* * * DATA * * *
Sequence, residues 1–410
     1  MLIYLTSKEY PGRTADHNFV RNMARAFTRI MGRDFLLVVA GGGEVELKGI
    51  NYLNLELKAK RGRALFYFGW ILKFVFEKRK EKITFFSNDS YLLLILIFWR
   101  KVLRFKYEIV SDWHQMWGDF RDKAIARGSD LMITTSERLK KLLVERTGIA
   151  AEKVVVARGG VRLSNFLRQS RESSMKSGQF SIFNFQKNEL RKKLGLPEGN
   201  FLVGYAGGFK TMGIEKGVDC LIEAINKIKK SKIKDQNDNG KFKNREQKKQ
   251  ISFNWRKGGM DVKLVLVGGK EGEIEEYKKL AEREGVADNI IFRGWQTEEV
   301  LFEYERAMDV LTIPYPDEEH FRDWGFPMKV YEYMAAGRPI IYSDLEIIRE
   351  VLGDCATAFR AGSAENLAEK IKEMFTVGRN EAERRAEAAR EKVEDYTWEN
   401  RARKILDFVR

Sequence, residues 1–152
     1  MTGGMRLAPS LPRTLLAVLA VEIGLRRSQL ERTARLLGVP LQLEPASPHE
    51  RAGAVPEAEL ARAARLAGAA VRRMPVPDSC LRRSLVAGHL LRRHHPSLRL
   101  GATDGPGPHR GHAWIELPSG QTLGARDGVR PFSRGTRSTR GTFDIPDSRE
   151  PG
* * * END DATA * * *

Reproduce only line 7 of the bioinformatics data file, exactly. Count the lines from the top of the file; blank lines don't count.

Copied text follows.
   251  ISFNWRKGGM DVKLVLVGGK EGEIEEYKKL AEREGVADNI IFRGWQTEEV